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Sunday, November 1, 2009

Get Home Bags

With the weather changing into the colder winter months, it is time to review and update our Get Home Bags.

What are Get Home Bags (GHBs)? As the name indicates, they are bags all of my family members keep in our cars to enable us to get home in the event of an emergency. Living in Northern California, we are prone to a number of natural disasters. Mud slides, levee breaks, and of course, earthquakes.

At a minimum, all of our bags contain enough food and water for two adults for 3 days. In regards to these items, as you'll see from the contents, this isn't "Living at the Ritz"! It is basic, minimal food and water to sustain ourselves, not to thrive.

What won't be shown below are the things that are kept in the car regardless of the season.  These include a heavy-duty 10' x 20' tarp, a fold-up shovel, hiking shoes and socks, and a hat.  The update from summer to winter will involve swapping out a light-weight jacket for a heavier rain slicker and fleece pull-over.

All right, on to the bag!

The bag is a heavy-duty day bag. It has padded shoulder straps and a chest strap to keep it from bouncing around. It has 3 main compartments, along with two external side pockets and a couple of minor zippered pockets.

The contents -

At the bottom of the main compartment is the food and water. I keep 2, 2400-calorie emergency bars, two dozen water pouches and two pouches of Gatorade powder.

As I said, this amount of food and water is not intended for us to thrive - just to give us enough calories and hydration to get home.

If things are bad enough that we're required to spend the night where ever we may be, we've included items to make things a bit more bearable.

Five light weight carabiners (for hooking stuff to the bag), 3 flashlights and batteries, 10 thirty-minute glow sticks, 300 feet of 550 lb paracord, 100 feet poly cord, two Sierra cups, a 2 quart bota bag, signaling mirror, two whistles, water-proof matches, magnesium sparker, disposable lighter, Vaseline-soaked cotton balls, two pill bottles with fire wicks, Altoid can survival candle, Leatherman Wave multi-tool, two pocket knives, a survival chain saw, and the blue thing is a knife sharpener.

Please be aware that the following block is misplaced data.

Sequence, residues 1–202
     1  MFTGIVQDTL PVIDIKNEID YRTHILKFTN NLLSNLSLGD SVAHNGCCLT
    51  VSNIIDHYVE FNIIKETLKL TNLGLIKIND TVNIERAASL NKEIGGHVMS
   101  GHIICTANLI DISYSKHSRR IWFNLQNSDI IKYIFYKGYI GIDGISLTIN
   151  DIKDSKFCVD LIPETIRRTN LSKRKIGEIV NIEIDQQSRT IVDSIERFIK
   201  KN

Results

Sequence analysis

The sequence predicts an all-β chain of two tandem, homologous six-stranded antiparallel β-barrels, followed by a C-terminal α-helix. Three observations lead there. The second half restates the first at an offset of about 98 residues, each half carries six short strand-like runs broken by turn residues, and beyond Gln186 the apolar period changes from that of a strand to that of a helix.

To round out the rest of the bag, I've included the following items - Starting with the black box in the upper center: Being this is the People's Republic of California, you are not allowed to have a weapon in your car unless you have it unloaded, in a locked case AND you have a "legitimate" reason (BTW, in California, Self-Defense is not considered a legitimate reason). That's a .38 special with 3 five-round speed loaders filled with Hydroshock rounds. Below that are 3 inside the waistband holsters, a compass, 20 gauge snare wire and an old pack of cheesy crackers. The last row has a Katadyne Hiker water filter, some water purification tablets, an emergency sewing kit, lotion, compact binoculars, two emergency mylar blankets, a tooth brush, two emergency ponchos and a first aid kit.

So how do I meet the California, "legitimate purpose" requirement for having a handgun with me almost all the time?  Virtually any time I leave the house, it is work related.  I'm going to a class or workshop or some other event where I am "talkin' guns".  If I'm not doing one of those things, I'm most likely headed to the range for practice. This means that I will usually have my complete range bag with me as well, so I'll have plenty of magazines/speed loaders and ammunition in my possession.

In instances where this is not practical - such as holidays - I keep a pepper spray canister attached to the bag (somehow, that didn't make any of the pictures).

Accept The Challenge

Put together a Get Home Bag.  If you consider how much time you spend away from your home - either at work or while on the road - you most likely spend more time away from home than actually in your home.  If an emergency happens, you don't want to be left without any resources.  If you take public transportation to work, you should have some sort of emergency bag that you leave at work, and another (perhaps) smaller version that you can keep in your purse, backpack or brief case.

Don't allow yourself to become a "refugee" simply because you're away from home.

Copyright 2009 Bison Risk Management Associates. All rights reserved. You are encouraged to repost this information so long as it is credited to Bison Risk Management Associates.

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